Once you have created a mask, you can further add areas to the selection using any of the masking tools. To add to an existing mask, do the following:
Once you have created a mask, you can erase areas of the automatic selection using any of the masking tools. To subtract from an existing mask, do the following:
Once you have created a mask using one of the masking tools, you can further refine the selection using the Masks panel.
You can drag and drop the Masks panel to dock or undock it from the panel. You can also right-click (Windows) or Control-click (Mac OS) on the Masks panel header and select Dock to panel or Undock from panel.
You can also drag and drop a tool selection to move it within a group, to a different group, or to create a new mask. You can also press Option (macOS) or Ctrl (Windows) while dragging to create a copy of the selected tool selection instead of moving it.
The Masks panel contains the list of all the masks and the tool selections that you have made. You can perform the following actions from the masks or tool selection menu.
Select one of the following from the menu:
Rename Select this option to rename the name of the mask
Invert Select this option to select everything else except the initial selection you made. This option is only available for tool selection masks
Intersect Mask with Select this option to create a new component in the existing mask that intersects with the other components of the same mask. You can also access this option from the Masks Panel by pressing Alt (Windows)/Option (macOS)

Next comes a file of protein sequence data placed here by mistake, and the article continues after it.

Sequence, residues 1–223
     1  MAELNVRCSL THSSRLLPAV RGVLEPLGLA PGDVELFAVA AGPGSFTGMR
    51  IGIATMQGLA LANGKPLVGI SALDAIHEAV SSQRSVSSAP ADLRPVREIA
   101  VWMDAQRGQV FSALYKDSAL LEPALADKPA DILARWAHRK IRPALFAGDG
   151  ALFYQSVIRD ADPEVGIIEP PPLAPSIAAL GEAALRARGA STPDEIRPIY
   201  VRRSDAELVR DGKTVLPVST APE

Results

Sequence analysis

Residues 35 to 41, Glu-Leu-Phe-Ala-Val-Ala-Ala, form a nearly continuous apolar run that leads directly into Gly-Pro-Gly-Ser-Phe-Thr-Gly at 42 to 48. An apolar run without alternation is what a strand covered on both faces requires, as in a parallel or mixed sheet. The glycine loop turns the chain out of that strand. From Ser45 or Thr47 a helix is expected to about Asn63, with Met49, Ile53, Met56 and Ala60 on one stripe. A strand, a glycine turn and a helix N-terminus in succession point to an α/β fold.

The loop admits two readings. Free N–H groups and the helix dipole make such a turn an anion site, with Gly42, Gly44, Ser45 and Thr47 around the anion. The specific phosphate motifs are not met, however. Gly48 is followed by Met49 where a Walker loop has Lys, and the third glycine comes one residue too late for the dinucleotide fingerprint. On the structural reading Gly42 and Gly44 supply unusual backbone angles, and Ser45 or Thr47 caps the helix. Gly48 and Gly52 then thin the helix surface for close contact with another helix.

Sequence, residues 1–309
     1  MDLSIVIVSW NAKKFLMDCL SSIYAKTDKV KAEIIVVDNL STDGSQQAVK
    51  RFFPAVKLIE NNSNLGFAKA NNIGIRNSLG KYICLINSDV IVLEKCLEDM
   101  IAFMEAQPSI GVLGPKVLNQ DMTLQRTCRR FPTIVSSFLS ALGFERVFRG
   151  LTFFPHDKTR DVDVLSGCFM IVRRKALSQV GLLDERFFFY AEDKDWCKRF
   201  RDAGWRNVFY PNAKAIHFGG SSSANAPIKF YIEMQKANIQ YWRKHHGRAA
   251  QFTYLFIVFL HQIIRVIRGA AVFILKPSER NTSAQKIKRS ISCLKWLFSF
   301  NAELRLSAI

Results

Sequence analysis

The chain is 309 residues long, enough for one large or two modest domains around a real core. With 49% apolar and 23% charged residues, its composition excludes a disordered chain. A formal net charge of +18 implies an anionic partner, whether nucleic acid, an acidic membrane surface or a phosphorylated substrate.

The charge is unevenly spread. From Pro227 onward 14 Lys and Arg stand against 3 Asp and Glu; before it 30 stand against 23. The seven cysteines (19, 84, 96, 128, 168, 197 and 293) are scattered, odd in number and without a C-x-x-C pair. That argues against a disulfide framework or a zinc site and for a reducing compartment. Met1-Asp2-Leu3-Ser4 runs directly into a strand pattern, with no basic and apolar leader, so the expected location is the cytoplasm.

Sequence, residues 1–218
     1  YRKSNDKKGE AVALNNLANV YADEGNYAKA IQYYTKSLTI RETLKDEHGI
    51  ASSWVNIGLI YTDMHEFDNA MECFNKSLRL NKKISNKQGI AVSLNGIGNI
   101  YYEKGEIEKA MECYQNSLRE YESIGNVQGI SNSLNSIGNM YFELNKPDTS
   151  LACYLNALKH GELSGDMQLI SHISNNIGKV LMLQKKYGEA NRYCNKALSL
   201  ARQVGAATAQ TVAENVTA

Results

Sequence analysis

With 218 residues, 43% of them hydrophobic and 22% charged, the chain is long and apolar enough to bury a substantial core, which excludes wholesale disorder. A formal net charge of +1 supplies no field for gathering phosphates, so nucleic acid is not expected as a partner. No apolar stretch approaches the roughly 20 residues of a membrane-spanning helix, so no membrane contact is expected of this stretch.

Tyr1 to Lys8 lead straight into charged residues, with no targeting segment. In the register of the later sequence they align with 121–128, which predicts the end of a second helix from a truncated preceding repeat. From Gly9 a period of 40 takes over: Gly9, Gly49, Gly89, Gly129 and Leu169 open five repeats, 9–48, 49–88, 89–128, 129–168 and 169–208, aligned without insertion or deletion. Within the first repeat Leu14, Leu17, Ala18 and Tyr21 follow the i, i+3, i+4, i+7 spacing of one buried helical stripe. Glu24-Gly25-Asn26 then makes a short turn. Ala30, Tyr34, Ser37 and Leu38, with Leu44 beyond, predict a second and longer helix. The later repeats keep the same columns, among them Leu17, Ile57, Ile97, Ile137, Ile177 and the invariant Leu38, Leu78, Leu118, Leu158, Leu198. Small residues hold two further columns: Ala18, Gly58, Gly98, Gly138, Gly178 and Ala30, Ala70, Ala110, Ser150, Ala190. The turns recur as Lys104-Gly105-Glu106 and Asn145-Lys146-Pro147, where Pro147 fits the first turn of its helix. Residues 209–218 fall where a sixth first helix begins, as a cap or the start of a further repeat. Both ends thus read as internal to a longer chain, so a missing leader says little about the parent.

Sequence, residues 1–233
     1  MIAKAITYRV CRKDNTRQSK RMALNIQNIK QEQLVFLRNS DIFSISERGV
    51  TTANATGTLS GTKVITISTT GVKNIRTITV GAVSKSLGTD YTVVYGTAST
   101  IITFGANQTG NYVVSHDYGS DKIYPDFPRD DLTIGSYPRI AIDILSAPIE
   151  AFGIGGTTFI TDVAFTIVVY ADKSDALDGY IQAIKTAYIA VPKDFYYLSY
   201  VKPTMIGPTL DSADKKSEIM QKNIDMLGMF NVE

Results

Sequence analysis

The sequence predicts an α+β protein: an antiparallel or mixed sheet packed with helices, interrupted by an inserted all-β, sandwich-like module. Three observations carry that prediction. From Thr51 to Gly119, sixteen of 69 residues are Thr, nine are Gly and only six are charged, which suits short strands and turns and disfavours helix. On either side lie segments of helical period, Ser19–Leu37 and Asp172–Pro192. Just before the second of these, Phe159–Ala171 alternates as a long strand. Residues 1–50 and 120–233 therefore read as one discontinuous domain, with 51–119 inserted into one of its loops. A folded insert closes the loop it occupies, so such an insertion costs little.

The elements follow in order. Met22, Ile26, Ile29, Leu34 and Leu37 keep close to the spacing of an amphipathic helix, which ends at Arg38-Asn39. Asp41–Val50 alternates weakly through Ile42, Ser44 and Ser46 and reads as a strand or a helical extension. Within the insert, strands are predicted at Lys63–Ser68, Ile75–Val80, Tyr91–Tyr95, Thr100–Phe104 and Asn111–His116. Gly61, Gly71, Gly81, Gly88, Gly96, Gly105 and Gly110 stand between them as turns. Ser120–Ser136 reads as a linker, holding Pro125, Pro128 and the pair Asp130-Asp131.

Duplicate Select this option to create a copy of the mask
Hide Select this option to Hide the selected mask
Delete Select this option to delete the selected mask
You can also change overlay options from the Masks panel.
Use the following sliders to make the desired adjustments to your selection:
Adjusts the color temperature of an area of the image, making it warmer or cooler. A graduated filter temperature effect can improve images captured in mixed-lighting conditions.
Compensates for a green or magenta color cast
Sets the overall image brightness. Applying an Exposure local correction can achieve results similar to traditional dodging and burning.
Adjusts image contrast, mainly affecting midtones
Recovers detail in overexposed highlight areas of an image
Recovers detail in underexposed shadow areas of an image
Adjusts the white points in a photo
Adjusts the black points in a photo
Smoothens or accentuates textured details in your photo. Move the slider to the left to smoothen details; move it to the right to accentuate details. When you adjust the Texture slider, the color or tonality does not change.
Adds depth to an image by increasing local contrast
Reduces or increases existing haze in a photo
Adjusts the hue in a photo. Select Use Fine Adjustment for precise adjustments.
Adjusts the vividness of the color
Enhances edge definition to bring out details in the photo. A negative value blurs details.
Reduces luminance noise, which can become apparent when shadow areas are opened.
Removes moiré artifacts, or color aliasing
Removes fringe colors along edges
Applies a tint to the area affected by the local correction. Select the hue by clicking the Color swatch. The Color effect is preserved if you convert the photo to black and white.